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9/17/2013 2:27:00 PM
Forestry work improves fire safety, open environment
Catholic Sentinel photo by Ed Langlois
Campers in play in spaces created by a wildfire safety project carried out over the past four years at Camp Howard.
Catholic Sentinel photo by Ed Langlois
Campers in play in spaces created by a wildfire safety project carried out over the past four years at Camp Howard.
Ed Langlois
Of the Catholic Sentinel

Over the past four years, Camp Howard staff and Oregon Department of Forestry crews worked together to make the camp safer in case of wildfire.

Perched on the rim of the canyon formed by the Bull Run River, Camp Howard is in thick Douglas fir forest that some experts say is overdue for a blaze. Evacuation plans are in place, and campers perform drills regularly, so there is not much risk of injury. But a fire could level the buildings.

That’s less likely now that much of the highly flammable brush on 70 acres of understory has been removed through a free program offered by the state.

Camp Howard was one of few camps in the area to undertake the safety measure.   
The idea is to remove understory growth that has accumulated over years of fire suppression. Those shrubs, vines and small trees provide a dangerous ladder from the ground to the upper reaches of the large firs. Flames can follow those links and create super-hot fires.

“The flames will go where there are fuels,” says Teresa Alcock, a state forester stationed in Molalla who directs the fuel reduction project. “Fire is going to happen. We need to minimize the heat.”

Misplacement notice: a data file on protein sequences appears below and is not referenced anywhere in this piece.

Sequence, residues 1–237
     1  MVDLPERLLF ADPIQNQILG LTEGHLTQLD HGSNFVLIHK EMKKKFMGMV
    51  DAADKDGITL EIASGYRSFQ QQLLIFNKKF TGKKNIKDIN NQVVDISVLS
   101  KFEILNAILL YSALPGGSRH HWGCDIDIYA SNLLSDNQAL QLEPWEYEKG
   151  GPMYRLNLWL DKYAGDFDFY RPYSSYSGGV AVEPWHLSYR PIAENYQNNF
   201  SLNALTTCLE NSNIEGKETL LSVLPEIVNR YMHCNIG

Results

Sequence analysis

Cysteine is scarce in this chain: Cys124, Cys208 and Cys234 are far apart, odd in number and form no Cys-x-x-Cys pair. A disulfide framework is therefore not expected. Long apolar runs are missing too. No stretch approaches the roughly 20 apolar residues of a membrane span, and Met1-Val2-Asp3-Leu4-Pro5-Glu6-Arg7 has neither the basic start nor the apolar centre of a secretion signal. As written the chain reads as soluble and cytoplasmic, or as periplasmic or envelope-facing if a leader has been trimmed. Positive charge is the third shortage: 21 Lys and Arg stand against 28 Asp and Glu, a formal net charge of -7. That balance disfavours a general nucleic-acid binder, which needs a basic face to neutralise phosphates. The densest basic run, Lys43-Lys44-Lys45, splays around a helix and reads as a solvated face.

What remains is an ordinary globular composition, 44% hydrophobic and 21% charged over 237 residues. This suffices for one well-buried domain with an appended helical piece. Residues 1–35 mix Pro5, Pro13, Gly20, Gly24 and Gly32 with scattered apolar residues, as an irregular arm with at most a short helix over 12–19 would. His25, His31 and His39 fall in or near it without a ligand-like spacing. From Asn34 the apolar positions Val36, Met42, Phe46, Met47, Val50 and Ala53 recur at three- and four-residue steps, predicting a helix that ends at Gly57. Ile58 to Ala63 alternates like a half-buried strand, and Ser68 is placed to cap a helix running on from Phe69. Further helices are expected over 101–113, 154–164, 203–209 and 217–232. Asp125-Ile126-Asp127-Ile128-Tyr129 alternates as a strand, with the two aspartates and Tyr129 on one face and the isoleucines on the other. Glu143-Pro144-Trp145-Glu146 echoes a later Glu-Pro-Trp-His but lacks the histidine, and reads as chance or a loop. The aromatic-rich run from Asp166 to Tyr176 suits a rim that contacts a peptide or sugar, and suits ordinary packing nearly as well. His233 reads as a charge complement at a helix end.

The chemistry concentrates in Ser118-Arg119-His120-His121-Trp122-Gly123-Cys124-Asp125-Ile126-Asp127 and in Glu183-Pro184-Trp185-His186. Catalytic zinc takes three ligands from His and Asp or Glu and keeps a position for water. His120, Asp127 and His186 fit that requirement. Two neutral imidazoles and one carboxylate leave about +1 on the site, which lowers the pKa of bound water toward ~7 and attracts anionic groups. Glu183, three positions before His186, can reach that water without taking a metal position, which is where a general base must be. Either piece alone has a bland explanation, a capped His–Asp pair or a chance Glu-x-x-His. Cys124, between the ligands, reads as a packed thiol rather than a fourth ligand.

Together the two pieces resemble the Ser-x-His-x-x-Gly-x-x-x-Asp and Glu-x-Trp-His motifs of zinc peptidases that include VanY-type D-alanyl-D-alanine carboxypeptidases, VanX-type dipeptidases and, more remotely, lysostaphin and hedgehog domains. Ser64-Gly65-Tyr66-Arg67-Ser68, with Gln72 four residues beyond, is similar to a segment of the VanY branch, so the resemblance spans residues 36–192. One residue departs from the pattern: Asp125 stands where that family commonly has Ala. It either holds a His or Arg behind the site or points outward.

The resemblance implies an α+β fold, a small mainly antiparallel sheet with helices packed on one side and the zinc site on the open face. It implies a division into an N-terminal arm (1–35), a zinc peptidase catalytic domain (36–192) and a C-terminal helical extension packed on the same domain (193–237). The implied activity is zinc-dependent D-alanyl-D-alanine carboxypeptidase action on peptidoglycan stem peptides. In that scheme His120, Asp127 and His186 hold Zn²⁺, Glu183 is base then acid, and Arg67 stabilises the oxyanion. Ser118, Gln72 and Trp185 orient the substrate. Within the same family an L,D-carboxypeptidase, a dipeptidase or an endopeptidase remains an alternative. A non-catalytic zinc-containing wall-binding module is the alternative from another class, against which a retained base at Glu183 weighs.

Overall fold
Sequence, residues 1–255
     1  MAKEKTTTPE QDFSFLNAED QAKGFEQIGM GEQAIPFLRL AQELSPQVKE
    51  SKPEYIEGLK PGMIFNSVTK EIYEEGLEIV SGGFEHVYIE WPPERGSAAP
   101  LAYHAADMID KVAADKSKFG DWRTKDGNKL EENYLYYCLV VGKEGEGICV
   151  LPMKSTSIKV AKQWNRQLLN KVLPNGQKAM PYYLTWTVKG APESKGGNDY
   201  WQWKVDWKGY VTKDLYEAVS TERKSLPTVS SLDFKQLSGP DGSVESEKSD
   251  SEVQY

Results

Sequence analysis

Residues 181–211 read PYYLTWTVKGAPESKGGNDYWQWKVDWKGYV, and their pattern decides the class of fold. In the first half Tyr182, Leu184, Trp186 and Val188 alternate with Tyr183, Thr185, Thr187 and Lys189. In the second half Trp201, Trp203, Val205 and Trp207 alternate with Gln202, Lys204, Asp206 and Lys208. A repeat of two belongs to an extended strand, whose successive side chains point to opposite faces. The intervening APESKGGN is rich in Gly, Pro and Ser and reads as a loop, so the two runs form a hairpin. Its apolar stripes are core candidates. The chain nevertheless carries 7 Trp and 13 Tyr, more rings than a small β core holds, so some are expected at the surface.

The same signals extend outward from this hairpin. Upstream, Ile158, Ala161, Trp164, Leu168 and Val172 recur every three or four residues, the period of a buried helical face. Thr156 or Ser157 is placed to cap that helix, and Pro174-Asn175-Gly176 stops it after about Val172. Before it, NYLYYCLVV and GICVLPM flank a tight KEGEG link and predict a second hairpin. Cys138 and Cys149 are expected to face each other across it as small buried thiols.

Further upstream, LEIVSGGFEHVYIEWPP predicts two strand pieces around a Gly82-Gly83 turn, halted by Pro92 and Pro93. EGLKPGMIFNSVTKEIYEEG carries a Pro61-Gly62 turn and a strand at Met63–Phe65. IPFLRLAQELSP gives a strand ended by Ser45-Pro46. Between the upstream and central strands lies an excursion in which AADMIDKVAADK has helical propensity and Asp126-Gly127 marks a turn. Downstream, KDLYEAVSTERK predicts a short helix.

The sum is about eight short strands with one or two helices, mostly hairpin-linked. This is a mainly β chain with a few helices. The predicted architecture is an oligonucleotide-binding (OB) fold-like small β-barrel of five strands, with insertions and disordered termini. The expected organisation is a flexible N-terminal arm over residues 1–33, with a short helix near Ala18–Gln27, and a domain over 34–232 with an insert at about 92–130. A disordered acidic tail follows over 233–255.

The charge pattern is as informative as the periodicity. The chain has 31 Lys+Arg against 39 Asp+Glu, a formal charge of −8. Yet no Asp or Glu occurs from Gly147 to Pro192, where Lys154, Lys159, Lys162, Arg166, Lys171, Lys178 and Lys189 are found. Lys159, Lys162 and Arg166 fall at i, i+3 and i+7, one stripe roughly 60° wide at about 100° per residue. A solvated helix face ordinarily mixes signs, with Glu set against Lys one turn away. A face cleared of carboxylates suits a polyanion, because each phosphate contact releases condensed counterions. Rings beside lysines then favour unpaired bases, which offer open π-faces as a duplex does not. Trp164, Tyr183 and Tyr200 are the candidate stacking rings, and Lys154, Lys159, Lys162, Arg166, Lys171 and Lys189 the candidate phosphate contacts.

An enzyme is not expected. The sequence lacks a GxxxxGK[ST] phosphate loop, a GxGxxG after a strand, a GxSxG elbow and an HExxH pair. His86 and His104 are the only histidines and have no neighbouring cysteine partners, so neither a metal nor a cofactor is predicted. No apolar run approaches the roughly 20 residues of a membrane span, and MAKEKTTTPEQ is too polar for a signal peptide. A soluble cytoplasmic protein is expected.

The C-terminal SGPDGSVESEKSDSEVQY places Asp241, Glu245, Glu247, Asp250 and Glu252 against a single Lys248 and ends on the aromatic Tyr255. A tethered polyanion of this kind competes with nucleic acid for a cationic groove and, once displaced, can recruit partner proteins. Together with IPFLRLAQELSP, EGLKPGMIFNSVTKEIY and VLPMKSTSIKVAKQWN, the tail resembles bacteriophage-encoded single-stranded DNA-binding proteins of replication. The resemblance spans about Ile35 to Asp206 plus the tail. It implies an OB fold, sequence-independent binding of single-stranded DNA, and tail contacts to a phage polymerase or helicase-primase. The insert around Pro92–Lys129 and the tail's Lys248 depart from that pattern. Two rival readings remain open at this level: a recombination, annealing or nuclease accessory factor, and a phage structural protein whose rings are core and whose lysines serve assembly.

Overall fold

The crews created 100-foot buffer zones around camp, starting with the side adjacent to the canyon wall. Scientists have determined that 100 feet is a good distance to prevent radiant heat from igniting buildings. The space also allows a zone where firefighters can set up and fight flames.

“We thought we were vulnerable,” says Karen von Borstel, facilities manager at the camp. “Now we feel really good. The forest floor is clean. If a fire came, it would not get to the big trees.”

There are other benefits. Alcock says the thinning creates a healthier forest. Camp officials like the more open park-like setting.

Children can play in the woods and see across camp. Von Borstel has been planting trees like cedar and hemlock to create a safer, scenic and natural understory.

Von Borstel, who grew up in Central Oregon, has seen the damage done by wildfires. It’s not pretty. She has been in charge of chipping or burning the debris from the clearing work, and will be in charge of maintaining the open spaces.  

 



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